We will hereby forward you Marta’s thoughts about her work, her studies at two universities, and particularly about meeting with prestigious Nobel Laureates.

Marta Tarkanovskaja

Marta Tarkanovskaja. Photo from a personal archive

Materials science has always been an interest

I was always curious about how things work and from what different materials they are made. Thus, I did not think long about what I should study. Materials science is just perfect for me. It is an interdisciplinary field of science, something that connects physics, chemistry, and engineering. Such interdisciplinarity offered me an opportunity to test myself in different fields of science; for example, during my bachelor studies I studied organic chemistry by synthesizing polymeric ionic liquids, while during my master’s studies I focused on inorganic sol-gel chemistry and elaboration of ionogels.

Currently, I study at two universities: we have a joint supervision agreement between Tartu and Turku Universities, which leads to one doctoral thesis and two doctoral degrees from the respective universities. Being a part of two universities is fun and much more educational. You get to work with more people, in different laboratories, and as a result learn more. I like to work in Finland. I find that I am super productive there, since I do not have too many distractions while in a foreign country.

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Getting Inspired at the International Summer University

It is a widespread stereotype that summer is a sunny time of rest and joy. Still, there are people who have a constant passion for new knowledge and discoveries. The summer school programmes at the University of Tartu are, no doubt, nice opportunities to dig deeper into a variety of topics that interest you” (Stanislav Mohylnyi, Ukraine).

International Summer University 2016. Photo sent by Sticea Mihaela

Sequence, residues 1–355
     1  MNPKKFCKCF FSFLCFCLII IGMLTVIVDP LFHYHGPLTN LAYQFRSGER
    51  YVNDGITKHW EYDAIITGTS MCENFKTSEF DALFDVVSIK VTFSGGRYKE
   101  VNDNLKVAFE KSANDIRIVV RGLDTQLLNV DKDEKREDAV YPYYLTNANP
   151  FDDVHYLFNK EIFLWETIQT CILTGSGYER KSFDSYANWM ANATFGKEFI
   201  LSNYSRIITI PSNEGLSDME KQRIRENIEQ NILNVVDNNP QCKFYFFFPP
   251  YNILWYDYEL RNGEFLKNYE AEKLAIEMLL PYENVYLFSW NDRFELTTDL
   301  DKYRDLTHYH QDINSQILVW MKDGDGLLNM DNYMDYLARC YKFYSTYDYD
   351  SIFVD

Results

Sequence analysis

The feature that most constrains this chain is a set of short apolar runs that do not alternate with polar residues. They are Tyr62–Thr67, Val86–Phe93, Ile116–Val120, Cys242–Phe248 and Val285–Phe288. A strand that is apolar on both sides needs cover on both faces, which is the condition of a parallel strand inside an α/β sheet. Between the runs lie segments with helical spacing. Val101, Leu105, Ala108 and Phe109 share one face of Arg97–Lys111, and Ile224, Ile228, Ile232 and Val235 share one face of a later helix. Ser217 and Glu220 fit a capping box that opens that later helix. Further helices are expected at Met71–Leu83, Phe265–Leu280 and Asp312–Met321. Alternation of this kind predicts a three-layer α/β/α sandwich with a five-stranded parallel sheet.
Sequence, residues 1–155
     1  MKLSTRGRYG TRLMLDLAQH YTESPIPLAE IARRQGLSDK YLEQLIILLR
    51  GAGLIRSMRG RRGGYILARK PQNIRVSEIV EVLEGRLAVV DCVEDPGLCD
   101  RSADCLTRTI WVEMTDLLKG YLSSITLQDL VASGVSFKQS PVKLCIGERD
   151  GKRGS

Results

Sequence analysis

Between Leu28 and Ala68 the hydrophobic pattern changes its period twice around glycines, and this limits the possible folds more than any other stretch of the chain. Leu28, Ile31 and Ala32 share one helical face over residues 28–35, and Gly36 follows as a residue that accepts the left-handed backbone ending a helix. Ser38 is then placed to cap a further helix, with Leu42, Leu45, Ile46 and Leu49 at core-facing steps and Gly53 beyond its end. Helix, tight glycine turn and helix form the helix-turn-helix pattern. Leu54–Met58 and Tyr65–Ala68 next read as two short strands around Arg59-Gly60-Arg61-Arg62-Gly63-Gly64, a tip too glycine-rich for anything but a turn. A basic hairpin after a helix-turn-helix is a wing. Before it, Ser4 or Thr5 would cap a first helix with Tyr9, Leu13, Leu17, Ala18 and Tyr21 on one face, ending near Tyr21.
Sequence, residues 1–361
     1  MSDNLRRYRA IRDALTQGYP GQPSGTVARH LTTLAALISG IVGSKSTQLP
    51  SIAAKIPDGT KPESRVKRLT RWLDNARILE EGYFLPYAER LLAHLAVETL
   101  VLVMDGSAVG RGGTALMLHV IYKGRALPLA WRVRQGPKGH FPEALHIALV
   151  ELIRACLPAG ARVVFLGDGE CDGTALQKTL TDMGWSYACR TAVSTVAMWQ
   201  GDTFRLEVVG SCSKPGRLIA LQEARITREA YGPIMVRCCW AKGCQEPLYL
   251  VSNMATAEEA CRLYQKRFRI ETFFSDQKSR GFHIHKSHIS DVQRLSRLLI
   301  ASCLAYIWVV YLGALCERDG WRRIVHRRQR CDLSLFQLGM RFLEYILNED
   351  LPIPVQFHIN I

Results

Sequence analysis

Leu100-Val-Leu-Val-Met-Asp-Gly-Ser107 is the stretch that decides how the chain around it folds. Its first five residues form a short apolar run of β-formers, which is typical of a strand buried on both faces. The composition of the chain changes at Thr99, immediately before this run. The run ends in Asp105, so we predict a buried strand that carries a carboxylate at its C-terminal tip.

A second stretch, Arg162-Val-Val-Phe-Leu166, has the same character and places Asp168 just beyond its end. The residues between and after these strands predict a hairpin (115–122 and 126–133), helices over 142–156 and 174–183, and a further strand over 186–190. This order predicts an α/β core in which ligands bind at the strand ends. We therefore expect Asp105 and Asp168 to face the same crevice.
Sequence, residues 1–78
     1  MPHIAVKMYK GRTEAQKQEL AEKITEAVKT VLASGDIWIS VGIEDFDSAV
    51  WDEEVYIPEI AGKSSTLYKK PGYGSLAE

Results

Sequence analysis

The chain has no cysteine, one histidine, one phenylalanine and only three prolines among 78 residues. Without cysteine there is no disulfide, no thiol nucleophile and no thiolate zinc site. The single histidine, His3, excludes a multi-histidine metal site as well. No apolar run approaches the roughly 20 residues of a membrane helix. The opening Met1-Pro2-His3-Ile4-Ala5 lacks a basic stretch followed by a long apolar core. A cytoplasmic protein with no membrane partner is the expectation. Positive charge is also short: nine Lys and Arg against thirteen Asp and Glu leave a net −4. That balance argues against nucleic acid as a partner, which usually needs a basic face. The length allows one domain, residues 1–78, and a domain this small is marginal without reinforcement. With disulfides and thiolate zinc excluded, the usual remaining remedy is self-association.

UT International Summer University 2016 participants. Photo sent by Sticea Mihaela.

Although a new academic year 2016/2017 has just begun, it is not too late to take a look at what happened at the University of Tartu during the summer.

This summer there were more than 330 students from all over the world taking part of different summer school programmes. This blog post is composed of the impressions of 14 students who were granted a development cooperation scholarship by the Estonian Ministry of Foreign Affairs to participate in four different International Summer University programmes:

  • Secure e-Governance (in cooperation with Tallinn University of Technology)
  • Social Dimension: Estonian Business Environment and EU-Russian Relations
  • Social Dimension: EU-Russian Relations and Baltic Regional Security
  • Juri Lotman and the Semiotics of Culture

During those two-week-long programmes, students had the chance to work together with university professors; visit governmental institutions as well as IT and technology enterprises; enjoy the cultural programme; study in the cities of Tartu, Tallinn and Pärnu; gain lots of new international friends; and get to know new cultures.

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Be a Good Friend to Yourself!

Many scientific studies have linked high self-esteem to positive factors, such as good health, happiness, well-being, and success at home and work. That is why lot of countries – with the United States foremost among them – have invested in programs to increase self-esteem for many decades. Thousands of self-help manuals have been published, and they are popular in Estonia as well. Then again, the hoped-for benefits to well-being, health, and success haven’t followed, according to Kerttu Mäger, a master’s student in psychology at the University of Tartu who analyzed self-esteem and self-compassion in her master’s thesis.